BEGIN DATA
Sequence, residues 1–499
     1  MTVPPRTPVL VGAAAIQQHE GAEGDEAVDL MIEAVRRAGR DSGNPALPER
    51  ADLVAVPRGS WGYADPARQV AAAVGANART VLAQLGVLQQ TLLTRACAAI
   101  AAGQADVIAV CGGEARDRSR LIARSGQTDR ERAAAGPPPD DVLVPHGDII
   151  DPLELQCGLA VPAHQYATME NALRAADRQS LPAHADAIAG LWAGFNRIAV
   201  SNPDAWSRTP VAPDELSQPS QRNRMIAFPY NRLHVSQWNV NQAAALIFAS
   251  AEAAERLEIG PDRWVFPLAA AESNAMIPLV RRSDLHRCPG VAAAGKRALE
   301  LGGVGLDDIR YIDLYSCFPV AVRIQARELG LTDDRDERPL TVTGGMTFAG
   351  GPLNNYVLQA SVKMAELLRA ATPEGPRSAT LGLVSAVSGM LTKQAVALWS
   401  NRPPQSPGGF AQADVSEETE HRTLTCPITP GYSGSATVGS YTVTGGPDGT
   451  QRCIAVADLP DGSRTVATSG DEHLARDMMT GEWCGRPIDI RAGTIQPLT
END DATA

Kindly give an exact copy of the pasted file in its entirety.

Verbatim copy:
Sequence, residues 1–499
     1  MTVPPRTPVL VGAAAIQQHE GAEGDEAVDL MIEAVRRAGR DSGNPALPER
    51  ADLVAVPRGS WGYADPARQV AAAVGANART VLAQLGVLQQ TLLTRACAAI
   101  AAGQADVIAV CGGEARDRSR LIARSGQTDR ERAAAGPPPD DVLVPHGDII
   151  DPLELQCGLA VPAHQYATME NALRAADRQS LPAHADAIAG LWAGFNRIAV
   201  SNPDAWSRTP VAPDELSQPS QRNRMIAFPY NRLHVSQWNV NQAAALIFAS
   251  AEAAERLEIG PDRWVFPLAA AESNAMIPLV RRSDLHRCPG VAAAGKRALE
   301  LGGVGLDDIR YIDLYSCFPV AVRIQARELG LTDDRDERPL TVTGGMTFAG
   351  GPLNNYVLQA SVKMAELLRA ATPEGPRSAT LGLVSAVSGM LTKQAVALWS
   401  NRPPQSPGGF AQADVSEETE HRTLTCPITP GYSGSATVGS YTVTGGPDGT
   451  QRCIAVADLP DGSRTVATSG DEHLARDMMT GEWCGRPIDI RAGTIQPLT